Strasburg roughed up by Marlins

Strasburg roughed up by Marlins

WASHINGTON -- Right-hander Stephen Strasburg is human after all. He endured the worst outing of his short career in the big leagues as the Nationals lost to the Marlins, 8-2, at Nationals Park on Tuesday.

Strasburg pitched in his first game since July 21 -- missing three starts because of shoulder stiffness. The rust showed early and often, as he lasted 4 1/3 innings and allowed six runs on six hits. Strasburg threw 84 pitches, 51 for strikes.

Strasburg said he didn't have problems with his shoulder, but didn't have command of any of his pitches. He said he worried too much about his mechanics and wanted to make sure he didn't re-injure his shoulder.

"The arm felt really good -- nice and loose. I felt 100 percent. I didn't know [where the pitches] were going today," Strasburg said. "It happens being on the DL, coming back maybe expecting a little too much of myself. It kind of got to my head a little bit out there. I'm going to keep things simple next time."

The Marlins scored in the top of the first inning, as Dan Uggla belted a two-run homer over the left-field wall.

Strasburg had an easy second inning, but had a tough time getting Uggla out an inning later. Uggla took a 2-1 pitch and doubled to left field, scoring Hanley Ramirez and Gaby Sanchez.

"I missed the location completely," Strasburg said. "The fastball was away. He touched it. The next pitch to Uggla was the same story. I went out there and made a lot of mistakes. If I went out there and made one less mistake, it could have been a totally different ballgame."

Even Uggla and Ramirez, who had three doubles in the game, noticed a difference in Strasburg on Tuesday compared to his last start against the Marlins on July 16. In that game, Strasburg pitched six shutout innings.

"It's his first start back since a couple of weeks ago, when something was bothering him," Uggla said. "He was out there, kind of feeling for it. His command wasn't as good as the first time we faced him. His stuff was there, though. His fastball is explosive. His curveball had good break on it. The biggest difference was his command."

Said Ramirez, "Second time facing him, It's not the first time any more. When you haven't seen a guy, you don't know his command or his release point. We've seen it a couple of times now. We adjusted to it."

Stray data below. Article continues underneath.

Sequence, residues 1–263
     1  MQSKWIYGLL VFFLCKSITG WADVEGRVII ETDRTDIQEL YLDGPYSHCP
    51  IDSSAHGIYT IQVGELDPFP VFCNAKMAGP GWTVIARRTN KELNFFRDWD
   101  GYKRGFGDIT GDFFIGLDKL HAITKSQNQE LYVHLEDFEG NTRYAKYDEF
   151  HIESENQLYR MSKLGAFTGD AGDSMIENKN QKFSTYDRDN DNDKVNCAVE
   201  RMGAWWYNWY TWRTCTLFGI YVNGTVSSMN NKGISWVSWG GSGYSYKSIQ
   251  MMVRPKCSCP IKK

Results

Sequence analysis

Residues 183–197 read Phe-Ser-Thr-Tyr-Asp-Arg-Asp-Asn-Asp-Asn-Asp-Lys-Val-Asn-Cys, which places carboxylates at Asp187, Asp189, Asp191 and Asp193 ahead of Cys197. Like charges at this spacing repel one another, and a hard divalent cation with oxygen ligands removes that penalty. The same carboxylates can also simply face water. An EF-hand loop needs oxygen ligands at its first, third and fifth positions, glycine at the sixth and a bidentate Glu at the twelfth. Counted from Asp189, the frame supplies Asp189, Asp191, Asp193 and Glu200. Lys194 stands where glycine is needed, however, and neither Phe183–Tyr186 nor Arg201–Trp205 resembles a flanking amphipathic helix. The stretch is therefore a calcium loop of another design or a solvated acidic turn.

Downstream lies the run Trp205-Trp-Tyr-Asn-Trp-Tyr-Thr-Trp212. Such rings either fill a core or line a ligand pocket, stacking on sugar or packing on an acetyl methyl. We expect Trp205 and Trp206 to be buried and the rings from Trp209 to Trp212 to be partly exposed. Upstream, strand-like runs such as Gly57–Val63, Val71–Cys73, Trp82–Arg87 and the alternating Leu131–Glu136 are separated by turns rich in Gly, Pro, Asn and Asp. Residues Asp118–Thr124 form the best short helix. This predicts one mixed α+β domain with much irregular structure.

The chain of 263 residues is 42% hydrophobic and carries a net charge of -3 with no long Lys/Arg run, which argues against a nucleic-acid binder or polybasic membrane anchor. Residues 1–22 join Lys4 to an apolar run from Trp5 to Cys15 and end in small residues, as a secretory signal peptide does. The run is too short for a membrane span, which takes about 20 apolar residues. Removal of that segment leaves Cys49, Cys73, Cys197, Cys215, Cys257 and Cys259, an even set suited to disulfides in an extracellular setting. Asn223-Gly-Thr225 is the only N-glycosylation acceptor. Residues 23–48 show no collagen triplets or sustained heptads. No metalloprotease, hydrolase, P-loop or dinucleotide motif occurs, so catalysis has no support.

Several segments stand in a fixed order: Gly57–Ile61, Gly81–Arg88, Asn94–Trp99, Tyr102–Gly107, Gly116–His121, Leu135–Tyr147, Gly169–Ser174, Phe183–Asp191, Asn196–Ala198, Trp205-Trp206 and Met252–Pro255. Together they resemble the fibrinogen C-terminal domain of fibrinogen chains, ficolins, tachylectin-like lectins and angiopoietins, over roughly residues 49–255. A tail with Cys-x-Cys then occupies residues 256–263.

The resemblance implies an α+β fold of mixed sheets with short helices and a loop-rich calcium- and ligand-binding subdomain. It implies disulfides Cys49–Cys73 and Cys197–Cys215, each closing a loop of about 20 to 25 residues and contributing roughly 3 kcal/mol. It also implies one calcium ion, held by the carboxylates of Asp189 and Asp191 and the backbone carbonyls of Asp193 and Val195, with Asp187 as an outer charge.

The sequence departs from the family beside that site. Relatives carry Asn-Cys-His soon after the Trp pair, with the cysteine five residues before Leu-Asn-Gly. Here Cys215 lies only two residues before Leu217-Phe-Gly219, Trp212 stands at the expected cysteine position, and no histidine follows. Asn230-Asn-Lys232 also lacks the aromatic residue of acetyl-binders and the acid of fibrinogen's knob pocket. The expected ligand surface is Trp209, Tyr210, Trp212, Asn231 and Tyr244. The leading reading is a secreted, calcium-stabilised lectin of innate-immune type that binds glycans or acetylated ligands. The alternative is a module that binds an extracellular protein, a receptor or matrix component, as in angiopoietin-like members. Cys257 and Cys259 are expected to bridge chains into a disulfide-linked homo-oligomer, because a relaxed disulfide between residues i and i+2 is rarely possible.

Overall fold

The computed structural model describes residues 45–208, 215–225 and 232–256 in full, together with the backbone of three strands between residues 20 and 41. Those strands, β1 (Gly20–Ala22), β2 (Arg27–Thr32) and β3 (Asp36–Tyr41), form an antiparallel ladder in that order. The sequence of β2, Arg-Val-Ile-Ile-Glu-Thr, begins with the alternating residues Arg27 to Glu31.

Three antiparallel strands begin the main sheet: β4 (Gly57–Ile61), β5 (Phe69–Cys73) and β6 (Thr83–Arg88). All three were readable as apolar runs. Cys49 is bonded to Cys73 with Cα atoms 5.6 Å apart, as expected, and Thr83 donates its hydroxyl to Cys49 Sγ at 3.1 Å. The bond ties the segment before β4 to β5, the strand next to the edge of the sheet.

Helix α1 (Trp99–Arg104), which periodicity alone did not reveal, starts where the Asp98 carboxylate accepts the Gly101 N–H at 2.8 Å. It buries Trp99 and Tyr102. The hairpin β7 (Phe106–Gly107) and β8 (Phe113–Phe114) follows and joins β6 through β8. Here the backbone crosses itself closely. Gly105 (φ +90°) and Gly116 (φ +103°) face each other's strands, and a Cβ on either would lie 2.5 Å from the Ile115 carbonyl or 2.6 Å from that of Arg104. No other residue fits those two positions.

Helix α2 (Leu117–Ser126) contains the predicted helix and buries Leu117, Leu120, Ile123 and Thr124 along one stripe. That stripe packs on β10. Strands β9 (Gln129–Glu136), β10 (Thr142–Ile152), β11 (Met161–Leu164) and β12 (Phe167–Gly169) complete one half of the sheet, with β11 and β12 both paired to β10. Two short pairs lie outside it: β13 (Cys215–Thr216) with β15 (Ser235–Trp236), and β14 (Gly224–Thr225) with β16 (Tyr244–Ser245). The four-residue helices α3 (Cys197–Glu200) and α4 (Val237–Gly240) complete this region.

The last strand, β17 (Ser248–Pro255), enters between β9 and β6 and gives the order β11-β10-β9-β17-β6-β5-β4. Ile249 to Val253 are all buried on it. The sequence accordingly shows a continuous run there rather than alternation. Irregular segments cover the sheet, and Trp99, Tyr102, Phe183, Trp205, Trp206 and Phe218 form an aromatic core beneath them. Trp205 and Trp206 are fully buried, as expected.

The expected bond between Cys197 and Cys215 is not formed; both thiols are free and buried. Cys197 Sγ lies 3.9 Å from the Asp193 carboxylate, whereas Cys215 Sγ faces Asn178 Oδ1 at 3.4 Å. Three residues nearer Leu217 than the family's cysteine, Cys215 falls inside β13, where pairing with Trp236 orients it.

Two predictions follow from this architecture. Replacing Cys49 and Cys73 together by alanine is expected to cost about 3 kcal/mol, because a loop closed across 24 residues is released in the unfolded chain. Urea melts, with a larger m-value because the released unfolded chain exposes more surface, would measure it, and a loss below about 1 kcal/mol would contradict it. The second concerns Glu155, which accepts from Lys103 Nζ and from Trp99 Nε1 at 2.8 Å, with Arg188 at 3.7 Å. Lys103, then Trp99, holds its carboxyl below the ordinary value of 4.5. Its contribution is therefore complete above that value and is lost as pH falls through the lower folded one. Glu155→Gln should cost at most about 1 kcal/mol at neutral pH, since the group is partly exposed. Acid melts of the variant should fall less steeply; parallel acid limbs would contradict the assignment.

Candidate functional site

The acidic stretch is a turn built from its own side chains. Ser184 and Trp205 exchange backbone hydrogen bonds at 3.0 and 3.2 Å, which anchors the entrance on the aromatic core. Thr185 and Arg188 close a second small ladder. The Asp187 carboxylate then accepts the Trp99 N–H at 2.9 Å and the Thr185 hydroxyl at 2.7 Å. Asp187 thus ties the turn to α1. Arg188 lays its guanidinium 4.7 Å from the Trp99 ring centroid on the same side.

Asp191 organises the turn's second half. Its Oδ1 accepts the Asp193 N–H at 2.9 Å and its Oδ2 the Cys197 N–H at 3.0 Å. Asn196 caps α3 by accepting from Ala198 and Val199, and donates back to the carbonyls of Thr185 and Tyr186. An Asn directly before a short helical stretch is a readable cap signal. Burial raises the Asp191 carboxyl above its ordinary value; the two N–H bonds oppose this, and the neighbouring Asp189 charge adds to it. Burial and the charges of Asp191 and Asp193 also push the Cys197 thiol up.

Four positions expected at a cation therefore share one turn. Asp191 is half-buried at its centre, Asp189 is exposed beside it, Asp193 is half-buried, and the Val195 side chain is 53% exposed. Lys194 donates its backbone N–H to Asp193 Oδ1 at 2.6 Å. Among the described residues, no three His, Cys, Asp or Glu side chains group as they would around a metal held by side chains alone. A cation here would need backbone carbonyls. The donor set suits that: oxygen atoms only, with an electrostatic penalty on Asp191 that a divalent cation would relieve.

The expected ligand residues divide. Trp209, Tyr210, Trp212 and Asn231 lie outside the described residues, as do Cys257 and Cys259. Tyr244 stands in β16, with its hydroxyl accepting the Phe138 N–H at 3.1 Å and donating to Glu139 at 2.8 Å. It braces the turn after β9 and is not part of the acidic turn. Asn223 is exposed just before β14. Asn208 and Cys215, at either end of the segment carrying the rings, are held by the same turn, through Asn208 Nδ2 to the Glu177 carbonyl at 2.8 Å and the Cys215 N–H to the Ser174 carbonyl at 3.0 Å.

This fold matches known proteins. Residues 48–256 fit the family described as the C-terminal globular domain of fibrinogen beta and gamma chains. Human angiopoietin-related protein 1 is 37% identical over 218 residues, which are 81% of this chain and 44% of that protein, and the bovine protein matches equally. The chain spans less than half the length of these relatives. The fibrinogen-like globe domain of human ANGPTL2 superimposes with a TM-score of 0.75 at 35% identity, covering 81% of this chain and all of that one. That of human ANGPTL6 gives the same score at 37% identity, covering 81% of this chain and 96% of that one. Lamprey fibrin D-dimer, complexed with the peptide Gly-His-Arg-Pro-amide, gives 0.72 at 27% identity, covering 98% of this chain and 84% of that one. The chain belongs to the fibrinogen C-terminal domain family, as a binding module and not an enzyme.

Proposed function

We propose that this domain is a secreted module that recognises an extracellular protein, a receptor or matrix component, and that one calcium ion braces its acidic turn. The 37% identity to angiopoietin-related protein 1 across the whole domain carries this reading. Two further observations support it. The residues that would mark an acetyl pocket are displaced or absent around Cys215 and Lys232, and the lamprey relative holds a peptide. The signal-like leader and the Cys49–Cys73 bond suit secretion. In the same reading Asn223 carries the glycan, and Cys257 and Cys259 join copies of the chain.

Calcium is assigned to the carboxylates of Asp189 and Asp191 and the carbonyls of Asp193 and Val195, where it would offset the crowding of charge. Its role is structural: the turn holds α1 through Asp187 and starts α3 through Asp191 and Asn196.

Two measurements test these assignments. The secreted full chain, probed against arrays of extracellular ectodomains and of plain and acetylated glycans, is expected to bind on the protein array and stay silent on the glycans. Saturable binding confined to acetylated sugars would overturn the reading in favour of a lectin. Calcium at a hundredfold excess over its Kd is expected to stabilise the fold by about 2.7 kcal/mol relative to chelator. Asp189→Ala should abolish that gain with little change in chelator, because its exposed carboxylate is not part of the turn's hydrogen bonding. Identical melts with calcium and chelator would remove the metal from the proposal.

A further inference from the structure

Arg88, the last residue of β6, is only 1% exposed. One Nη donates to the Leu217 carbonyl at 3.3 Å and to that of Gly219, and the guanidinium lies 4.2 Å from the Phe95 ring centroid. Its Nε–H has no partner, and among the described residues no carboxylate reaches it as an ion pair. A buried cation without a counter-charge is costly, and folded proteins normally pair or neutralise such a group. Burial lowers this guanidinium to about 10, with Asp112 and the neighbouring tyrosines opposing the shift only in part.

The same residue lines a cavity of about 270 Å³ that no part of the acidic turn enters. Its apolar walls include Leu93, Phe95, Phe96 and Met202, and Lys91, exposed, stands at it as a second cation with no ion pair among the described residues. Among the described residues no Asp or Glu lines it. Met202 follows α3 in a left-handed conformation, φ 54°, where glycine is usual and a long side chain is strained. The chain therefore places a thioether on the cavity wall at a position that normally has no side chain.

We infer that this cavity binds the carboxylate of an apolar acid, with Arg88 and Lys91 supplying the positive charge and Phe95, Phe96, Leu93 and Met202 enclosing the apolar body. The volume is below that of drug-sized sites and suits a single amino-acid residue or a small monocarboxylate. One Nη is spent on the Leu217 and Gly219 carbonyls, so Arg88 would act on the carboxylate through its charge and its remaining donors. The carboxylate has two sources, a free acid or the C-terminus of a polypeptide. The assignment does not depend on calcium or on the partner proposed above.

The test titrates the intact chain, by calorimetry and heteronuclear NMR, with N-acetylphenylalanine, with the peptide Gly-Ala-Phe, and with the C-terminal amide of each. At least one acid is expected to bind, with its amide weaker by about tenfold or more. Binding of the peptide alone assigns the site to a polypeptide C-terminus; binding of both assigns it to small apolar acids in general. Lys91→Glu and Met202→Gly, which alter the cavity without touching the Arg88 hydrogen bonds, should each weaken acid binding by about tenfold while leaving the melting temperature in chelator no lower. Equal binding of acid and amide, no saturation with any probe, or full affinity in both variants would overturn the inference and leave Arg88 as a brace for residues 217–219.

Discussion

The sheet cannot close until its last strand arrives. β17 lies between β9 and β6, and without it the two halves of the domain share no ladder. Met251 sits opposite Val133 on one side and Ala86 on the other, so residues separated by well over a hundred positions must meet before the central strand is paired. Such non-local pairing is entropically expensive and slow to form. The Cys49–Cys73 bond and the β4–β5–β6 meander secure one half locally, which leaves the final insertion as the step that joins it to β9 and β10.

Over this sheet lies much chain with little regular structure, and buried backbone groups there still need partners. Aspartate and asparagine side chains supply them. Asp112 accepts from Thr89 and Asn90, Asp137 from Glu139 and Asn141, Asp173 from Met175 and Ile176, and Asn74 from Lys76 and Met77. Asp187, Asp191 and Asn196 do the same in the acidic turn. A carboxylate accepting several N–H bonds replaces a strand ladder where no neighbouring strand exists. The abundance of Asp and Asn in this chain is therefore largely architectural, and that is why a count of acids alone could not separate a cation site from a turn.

In the fifth, Strasburg allowed a leadoff double to Ramirez. Two batters later, Sanchez hit a line drive to left fielder Josh Willingham that should have been caught, but the ball tipped off his glove and dropped in for an RBI double.

Strasburg left the game after Sanchez's double and was replaced by right-hander Miguel Batista, who didn't fare any better. After facing three batters, the bases were loaded when Wes Helms drove in two more runs with a double. Strasburg was charged with one of those runs.

"Everybody is human. They are going to have these days sooner or later," Strasburg said. "I'm a little disappointed in myself, because I really went out there not focusing on the one thing that you really have to focus on: Just going out there and competing, and going with what you had. I spent the whole time worrying about trying to fix what was going wrong instead of just letting it go -- just throwing the ball."

Craig Stammen, making his first relief appearance as a member of the Nationals, allowed an RBI single to Logan Morrison in the sixth to make it a seven-run game.

Marlins right-hander Anibal Sanchez was the antithesis of Strasburg -- pitching 6 2/3 innings and allowing two unearned runs on five hits.

One run was scored in the second inning. With runners on first and second with two out, Ian Desmond hit a routine ground ball that went under the glove of Helms at third base, allowing Ivan Rodriguez to score.

In the seventh, the Marlins committed another error and it helped Washington score another run.

"He's actually putting together a very good year," Nationals manager Jim Riggleman said of Sanchez. "We don't know him, of course, the way we have seen Josh Johnson and Ricky Nolasco. We don't know as much about him, but the few times we've seen him, he's been very good.

"He was really good tonight. He reaches back and throws 93 [mph] when he wants to and pitches 88-90 at times changing speeds, cutting balls, good breaking ball. He had it all going."

The Nationals have lost three straight, dropping to 49-64.

Bill Ladson is a reporter for MLB.com and writes an MLBlog, All Nats All the time. This story was not subject to the approval of Major League Baseball or its clubs.